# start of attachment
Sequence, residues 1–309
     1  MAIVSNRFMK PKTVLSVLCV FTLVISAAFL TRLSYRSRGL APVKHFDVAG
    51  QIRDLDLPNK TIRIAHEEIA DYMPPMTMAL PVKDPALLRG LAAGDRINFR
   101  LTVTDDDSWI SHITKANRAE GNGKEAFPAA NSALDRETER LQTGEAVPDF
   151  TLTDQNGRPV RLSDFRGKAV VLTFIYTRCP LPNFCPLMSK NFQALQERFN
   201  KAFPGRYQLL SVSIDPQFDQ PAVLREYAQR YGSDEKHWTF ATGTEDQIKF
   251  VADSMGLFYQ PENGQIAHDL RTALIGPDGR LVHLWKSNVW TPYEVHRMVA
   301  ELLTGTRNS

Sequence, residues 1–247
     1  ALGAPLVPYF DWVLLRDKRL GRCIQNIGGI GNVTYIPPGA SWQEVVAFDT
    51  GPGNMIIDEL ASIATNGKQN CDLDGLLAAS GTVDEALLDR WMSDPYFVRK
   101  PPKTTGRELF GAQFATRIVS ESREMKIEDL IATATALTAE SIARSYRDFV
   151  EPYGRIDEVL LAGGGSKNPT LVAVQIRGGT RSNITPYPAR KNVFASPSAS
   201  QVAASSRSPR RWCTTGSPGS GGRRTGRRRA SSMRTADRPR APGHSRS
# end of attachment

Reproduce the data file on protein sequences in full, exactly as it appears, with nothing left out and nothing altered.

Sequence, residues 1–309
     1  MAIVSNRFMK PKTVLSVLCV FTLVISAAFL TRLSYRSRGL APVKHFDVAG
    51  QIRDLDLPNK TIRIAHEEIA DYMPPMTMAL PVKDPALLRG LAAGDRINFR
   101  LTVTDDDSWI SHITKANRAE GNGKEAFPAA NSALDRETER LQTGEAVPDF
   151  TLTDQNGRPV RLSDFRGKAV VLTFIYTRCP LPNFCPLMSK NFQALQERFN
   201  KAFPGRYQLL SVSIDPQFDQ PAVLREYAQR YGSDEKHWTF ATGTEDQIKF
   251  VADSMGLFYQ PENGQIAHDL RTALIGPDGR LVHLWKSNVW TPYEVHRMVA
   301  ELLTGTRNS

Sequence, residues 1–247
     1  ALGAPLVPYF DWVLLRDKRL GRCIQNIGGI GNVTYIPPGA SWQEVVAFDT
    51  GPGNMIIDEL ASIATNGKQN CDLDGLLAAS GTVDEALLDR WMSDPYFVRK
   101  PPKTTGRELF GAQFATRIVS ESREMKIEDL IATATALTAE SIARSYRDFV
   151  EPYGRIDEVL LAGGGSKNPT LVAVQIRGGT RSNITPYPAR KNVFASPSAS
   201  QVAASSRSPR RWCTTGSPGS GGRRTGRRRA SSMRTADRPR APGHSRS